The portrait of former President Donald Trump that will hang in the National Portrait Gallery in Washington is a photograph taken by Pari Dukovic in 2019 at the White House.
Trump is seen in the picture looking straight at the camera, seated in the chair behind the Resolute Desk in the Oval Office.
The picture was taken on the day before Trump officially announced he would seek a second term, and as the Republican dealt with the COVID-19 pandemic.
In the background can be seen flags reflecting the five branches of the armed forces, a portrait of former President Andrew Jackson, and a portrait of Founding Father Benjamin Franklin.
Trump and Dukovic did not respond to requests for comment on the picture.
The label that is affixed next to the portrait in the gallery notes that Trump won office in 2016 “after tapping into populist American sentiment” and with the promotion of an “America First” agenda, delivering on major campaign promises like reducing illegal immigration, cutting unemployment, and appointing conservative judges.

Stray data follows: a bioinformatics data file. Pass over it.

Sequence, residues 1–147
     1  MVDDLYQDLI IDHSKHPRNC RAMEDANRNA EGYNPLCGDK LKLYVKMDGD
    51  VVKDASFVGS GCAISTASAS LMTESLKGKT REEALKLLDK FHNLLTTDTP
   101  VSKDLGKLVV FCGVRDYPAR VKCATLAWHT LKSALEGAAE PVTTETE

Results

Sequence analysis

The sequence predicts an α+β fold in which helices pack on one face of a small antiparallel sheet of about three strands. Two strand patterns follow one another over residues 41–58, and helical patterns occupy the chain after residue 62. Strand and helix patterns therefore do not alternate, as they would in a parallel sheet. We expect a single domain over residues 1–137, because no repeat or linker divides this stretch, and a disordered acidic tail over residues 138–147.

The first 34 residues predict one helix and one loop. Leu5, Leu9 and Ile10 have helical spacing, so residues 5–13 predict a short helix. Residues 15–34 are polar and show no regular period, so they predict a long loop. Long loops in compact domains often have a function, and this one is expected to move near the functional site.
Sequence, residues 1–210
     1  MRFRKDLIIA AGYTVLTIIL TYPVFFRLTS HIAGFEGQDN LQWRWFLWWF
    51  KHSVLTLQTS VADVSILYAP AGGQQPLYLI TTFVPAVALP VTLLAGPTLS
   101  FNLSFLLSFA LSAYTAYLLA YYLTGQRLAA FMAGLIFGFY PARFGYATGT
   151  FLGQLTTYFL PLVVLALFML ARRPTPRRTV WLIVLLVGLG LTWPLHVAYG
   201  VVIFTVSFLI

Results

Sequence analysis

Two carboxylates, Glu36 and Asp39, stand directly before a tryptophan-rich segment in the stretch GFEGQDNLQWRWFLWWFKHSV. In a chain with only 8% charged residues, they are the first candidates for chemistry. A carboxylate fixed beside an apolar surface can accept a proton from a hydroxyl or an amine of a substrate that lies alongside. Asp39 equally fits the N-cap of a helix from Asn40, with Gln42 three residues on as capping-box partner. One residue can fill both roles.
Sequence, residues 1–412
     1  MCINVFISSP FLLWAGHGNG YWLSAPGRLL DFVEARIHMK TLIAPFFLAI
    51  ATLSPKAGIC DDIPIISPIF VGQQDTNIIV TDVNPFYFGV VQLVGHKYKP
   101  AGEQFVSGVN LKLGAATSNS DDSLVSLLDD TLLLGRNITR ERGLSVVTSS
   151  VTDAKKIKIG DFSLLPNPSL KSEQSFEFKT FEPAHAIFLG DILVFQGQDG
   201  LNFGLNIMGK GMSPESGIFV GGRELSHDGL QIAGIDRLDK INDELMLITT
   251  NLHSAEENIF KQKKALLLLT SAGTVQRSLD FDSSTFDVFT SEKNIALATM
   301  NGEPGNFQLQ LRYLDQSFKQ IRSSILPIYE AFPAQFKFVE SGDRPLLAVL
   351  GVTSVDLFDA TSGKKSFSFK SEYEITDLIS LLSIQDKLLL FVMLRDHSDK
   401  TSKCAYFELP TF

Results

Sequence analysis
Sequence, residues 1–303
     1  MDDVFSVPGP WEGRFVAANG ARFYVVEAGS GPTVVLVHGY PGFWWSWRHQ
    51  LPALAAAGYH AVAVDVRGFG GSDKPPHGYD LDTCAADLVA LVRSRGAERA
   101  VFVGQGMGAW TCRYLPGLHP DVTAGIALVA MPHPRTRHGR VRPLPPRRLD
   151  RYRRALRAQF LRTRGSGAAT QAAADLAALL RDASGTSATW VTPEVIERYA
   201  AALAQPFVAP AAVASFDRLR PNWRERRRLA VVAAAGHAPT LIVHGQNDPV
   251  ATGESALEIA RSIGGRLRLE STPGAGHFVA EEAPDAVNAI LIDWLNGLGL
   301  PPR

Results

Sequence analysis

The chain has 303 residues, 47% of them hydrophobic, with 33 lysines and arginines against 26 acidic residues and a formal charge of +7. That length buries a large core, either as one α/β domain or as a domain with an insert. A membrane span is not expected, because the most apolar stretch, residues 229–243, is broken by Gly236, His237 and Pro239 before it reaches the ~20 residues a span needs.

The gallery, a Smithsonian museum, has been closed to in-person visits during the pandemic. Officials plan to open the gallery to the public beginning May 14 with timed-entry passes required for all visitors.
Passes are free.
The photograph snapped by the New York-based Dukovic is not Trump’s permanent commissioned portrait. Planning for that portrait is still in the conversation stages, Concetta Duncan, head of communications at the gallery, told The Epoch Times via email on April 1.
The newly acquired portrait will not have an unveiling event. That is reserved for the actual commission.
Correction: A previous version of this article inaccurately described the portrait in the museum. It will remain in the gallery’s permanent collection, though it is not the president’s official commission.